Dear Friars, Benefactors, and Friends of the Franciscan Friars,
Greetings and prayers for an abundance of blessings at this solemn and sacred time. May He Who offered Himself to incredible suffering and death lift any fear and uncertainty from you at this moment in history.
As we offer many different prayers, it seems to me that Easter is a pivotal point in our lives both liturgically and spiritually. The times before and after Easter are very different from one another. The Lenten experience has elements of blame, sin, error, selfishness, and short-sightedness, to mention a few. There is the tug-of-war between God and man. God tries, again and again, to bring back the wayward with history repeating itself. God’s promise that His love will succeed is found throughout the Old Testament. Lent is a time for us to get on board with God better than we have ever done before.
With Easter God has prevailed. His plan and desire for salvation for all human beings is firmly in place. But it takes participation on our part to fulfill the plan. Our role is to say “yes” to God’s plan, to God’s forgiveness, to God’s love. I sense that there is a feeling that our efforts to get people on board with this have not been particularly successful. Fewer people are active in their faith; many have walked away from their faith; hopes for growth in the future are dim. This is in God’s hands and not our own.
For centuries, history groaned with an almost infinite agony waiting for redemption. Jesus suffered that infinite agony on the cross and brought forth an infinite ecstasy that will never disappear. The Easter season now celebrates joy, hope, forgiveness, infinite love, future glory, the support and strength from God, to mention a few elements.
We need to remind ourselves that our task is to revel in the ecstasy given to us by God. That does not eliminate human suffering and confusion. Rather it gives context to the unfinished path ahead of us. We leave behind human imperfections when we die. In the meantime, we struggle with limited agony and with limited ecstasy.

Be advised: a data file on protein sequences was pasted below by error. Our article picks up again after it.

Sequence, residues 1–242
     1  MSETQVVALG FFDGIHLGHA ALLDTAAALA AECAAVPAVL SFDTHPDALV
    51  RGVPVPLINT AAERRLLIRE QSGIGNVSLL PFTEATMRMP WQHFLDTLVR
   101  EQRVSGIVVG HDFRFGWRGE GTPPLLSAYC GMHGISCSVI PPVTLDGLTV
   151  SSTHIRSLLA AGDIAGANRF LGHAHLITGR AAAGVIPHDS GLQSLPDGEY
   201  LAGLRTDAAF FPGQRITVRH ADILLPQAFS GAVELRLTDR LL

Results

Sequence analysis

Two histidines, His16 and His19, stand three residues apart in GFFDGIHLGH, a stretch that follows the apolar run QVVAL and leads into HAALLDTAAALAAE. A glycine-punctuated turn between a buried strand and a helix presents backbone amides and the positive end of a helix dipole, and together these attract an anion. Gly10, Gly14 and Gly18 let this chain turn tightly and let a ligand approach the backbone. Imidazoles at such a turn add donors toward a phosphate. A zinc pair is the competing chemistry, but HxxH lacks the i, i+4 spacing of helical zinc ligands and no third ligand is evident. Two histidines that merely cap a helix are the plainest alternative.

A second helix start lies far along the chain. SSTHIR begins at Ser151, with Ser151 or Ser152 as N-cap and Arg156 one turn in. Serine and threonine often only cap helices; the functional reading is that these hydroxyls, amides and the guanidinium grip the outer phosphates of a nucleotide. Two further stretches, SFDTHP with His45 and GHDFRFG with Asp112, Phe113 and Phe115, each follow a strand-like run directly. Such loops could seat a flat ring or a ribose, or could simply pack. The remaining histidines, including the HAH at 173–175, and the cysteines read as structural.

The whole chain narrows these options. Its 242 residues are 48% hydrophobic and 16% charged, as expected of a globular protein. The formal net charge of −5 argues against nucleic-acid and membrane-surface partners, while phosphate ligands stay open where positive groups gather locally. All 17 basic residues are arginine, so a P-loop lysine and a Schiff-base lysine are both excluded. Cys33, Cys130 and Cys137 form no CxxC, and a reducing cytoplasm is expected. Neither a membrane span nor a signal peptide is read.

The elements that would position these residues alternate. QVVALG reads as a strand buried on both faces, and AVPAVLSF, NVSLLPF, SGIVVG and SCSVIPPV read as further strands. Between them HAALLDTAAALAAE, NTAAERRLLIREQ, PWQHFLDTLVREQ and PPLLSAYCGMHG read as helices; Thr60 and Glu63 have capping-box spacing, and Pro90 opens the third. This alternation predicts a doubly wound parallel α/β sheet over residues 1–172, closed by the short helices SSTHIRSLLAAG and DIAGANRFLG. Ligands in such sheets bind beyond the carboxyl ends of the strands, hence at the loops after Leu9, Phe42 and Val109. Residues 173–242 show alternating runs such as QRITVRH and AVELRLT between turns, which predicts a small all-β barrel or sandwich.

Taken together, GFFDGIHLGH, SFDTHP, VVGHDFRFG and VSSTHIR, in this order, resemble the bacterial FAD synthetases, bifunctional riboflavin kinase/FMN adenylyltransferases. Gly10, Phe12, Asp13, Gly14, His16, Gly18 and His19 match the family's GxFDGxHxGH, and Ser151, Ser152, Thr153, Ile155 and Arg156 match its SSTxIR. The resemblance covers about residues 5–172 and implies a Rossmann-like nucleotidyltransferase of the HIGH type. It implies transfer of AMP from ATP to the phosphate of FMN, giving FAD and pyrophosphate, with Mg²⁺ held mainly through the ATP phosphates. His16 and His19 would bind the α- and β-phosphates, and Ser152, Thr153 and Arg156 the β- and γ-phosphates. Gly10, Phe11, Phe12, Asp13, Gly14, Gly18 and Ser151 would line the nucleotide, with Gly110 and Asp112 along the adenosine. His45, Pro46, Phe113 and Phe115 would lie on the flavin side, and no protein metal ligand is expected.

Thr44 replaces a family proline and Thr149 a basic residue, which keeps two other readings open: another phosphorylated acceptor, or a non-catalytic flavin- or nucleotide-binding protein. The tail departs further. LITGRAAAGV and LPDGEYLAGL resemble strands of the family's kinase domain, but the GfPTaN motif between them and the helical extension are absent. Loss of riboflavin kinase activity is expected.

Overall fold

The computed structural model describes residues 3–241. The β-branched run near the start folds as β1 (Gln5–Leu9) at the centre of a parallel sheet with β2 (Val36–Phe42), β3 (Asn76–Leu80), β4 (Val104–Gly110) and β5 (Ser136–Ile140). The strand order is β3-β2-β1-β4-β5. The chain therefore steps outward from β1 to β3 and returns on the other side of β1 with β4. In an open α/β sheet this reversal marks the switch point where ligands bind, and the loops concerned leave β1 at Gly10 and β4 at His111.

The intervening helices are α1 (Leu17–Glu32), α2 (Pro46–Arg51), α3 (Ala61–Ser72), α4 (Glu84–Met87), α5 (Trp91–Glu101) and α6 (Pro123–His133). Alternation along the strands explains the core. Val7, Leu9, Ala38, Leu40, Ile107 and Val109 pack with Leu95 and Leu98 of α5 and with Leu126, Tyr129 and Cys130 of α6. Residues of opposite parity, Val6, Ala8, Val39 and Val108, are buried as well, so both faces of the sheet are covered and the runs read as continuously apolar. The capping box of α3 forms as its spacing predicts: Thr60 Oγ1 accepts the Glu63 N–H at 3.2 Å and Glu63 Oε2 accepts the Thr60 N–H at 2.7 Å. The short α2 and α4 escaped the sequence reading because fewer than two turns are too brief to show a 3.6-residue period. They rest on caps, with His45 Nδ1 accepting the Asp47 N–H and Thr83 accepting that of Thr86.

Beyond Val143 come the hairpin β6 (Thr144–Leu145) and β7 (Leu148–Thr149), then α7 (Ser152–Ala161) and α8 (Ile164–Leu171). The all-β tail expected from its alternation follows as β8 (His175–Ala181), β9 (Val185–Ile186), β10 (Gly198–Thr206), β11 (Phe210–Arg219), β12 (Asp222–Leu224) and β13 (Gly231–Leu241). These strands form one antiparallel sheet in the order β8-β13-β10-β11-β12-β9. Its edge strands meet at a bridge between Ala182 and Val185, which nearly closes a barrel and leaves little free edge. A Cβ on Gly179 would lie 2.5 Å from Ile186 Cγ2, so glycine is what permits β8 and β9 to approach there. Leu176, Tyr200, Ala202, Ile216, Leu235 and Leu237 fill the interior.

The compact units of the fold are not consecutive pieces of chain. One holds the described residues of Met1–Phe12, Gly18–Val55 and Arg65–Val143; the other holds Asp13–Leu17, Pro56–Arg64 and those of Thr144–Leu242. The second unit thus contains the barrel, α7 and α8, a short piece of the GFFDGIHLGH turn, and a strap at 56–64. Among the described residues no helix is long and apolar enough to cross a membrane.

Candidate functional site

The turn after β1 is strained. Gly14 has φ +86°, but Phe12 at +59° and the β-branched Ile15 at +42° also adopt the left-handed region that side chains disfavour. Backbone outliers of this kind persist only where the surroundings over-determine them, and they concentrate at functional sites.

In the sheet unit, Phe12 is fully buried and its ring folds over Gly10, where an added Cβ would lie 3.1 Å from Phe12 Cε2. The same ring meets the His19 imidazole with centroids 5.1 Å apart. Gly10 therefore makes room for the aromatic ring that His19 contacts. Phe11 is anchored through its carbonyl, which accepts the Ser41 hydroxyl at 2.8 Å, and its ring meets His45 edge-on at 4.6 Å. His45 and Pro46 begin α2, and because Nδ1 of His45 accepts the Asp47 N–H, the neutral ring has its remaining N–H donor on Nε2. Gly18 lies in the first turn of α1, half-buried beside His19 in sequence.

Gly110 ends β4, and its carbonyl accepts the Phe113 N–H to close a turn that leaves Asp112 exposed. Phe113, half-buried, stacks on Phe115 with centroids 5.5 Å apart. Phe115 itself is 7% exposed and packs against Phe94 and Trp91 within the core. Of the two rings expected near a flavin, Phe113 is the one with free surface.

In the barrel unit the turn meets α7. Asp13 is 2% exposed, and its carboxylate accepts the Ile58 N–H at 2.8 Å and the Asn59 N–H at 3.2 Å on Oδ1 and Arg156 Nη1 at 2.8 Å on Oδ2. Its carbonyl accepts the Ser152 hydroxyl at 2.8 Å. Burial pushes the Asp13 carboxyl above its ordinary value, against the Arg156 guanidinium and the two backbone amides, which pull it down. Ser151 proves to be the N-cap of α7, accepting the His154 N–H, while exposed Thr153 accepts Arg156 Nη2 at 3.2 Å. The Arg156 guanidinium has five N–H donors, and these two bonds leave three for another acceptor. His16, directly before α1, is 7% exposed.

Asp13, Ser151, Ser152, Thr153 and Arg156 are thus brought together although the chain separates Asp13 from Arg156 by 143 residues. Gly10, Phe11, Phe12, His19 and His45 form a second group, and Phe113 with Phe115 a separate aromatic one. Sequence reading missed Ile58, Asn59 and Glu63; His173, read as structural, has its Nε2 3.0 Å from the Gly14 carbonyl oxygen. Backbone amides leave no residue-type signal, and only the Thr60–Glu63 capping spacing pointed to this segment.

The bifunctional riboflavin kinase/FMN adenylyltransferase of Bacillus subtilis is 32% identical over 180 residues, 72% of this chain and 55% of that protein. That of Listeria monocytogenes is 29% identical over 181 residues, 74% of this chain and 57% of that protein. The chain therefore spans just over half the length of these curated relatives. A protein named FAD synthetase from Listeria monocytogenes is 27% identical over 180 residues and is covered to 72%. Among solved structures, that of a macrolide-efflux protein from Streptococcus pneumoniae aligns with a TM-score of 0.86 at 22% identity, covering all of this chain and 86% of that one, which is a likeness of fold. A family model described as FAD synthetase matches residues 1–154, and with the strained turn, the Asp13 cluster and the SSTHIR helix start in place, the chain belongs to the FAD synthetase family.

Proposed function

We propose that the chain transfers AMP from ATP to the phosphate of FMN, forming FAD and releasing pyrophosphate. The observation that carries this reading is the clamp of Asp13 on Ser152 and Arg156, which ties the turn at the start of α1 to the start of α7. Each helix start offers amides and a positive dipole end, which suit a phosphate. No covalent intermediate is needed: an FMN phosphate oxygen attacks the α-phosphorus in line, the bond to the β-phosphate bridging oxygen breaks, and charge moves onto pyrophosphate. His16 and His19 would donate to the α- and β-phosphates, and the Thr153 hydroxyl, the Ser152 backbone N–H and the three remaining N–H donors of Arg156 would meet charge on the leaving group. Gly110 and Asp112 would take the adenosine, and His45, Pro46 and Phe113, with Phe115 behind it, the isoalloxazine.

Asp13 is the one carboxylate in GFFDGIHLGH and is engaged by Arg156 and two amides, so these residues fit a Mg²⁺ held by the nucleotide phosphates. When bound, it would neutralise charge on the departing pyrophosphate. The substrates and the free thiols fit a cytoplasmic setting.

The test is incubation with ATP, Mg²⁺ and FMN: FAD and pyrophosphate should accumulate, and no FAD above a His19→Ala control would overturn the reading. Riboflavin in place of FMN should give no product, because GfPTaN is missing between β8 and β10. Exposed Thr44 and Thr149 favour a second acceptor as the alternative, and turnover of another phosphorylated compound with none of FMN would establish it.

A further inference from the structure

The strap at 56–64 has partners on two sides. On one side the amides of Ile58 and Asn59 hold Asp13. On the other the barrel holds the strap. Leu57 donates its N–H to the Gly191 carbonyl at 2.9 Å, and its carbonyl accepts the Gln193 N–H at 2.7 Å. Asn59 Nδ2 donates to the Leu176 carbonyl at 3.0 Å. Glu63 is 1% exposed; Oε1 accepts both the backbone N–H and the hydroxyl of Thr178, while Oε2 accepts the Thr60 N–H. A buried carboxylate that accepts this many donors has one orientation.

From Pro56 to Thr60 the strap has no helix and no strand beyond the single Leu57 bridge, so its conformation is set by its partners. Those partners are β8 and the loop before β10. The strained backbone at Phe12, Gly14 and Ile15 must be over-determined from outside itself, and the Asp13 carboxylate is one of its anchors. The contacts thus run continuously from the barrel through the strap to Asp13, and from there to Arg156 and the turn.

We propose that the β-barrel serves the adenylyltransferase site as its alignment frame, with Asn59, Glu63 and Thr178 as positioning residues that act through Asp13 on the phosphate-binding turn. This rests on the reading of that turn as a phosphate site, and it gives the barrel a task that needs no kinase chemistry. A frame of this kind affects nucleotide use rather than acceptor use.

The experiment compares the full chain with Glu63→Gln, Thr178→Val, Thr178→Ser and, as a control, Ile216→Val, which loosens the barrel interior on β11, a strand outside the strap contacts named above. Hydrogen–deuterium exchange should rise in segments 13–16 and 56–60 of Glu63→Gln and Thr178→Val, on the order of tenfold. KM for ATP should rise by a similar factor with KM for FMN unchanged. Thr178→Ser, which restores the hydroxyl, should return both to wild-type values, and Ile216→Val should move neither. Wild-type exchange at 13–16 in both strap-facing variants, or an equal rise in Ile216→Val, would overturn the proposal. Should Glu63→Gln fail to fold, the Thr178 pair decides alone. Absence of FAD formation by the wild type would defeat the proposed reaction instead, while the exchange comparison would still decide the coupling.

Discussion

And how do we find comfort in the imperfect lives that we experience? The answer lies in a charity that augments the charity of God in our world. We begin with fraternal charity. Then there is the charity that reaches beyond ourselves and our Franciscan communities.
Isn’t that what Francis did in reassessing his life? He took to heart the example of Christ at the Last Supper in serving the disciples. He picked up and carried the cross and the burden of suffering. He was hard on his human body (Brother Body). And he strove to enter as fully as possible into the ecstasy of God’s love by returning that love as best as he was able. May God give you the grace to do likewise.
It might help to remember the words of the prophet Hosea: “Let us return to the Lord. For it is He who has rent, but He will heal us; He has struck us, but He will bind our wounds. He will revive us after two days; on the third day He will raise us up, to live in His presence.”
May God pour forth His gifts of love, support, and care in abundance on each of you.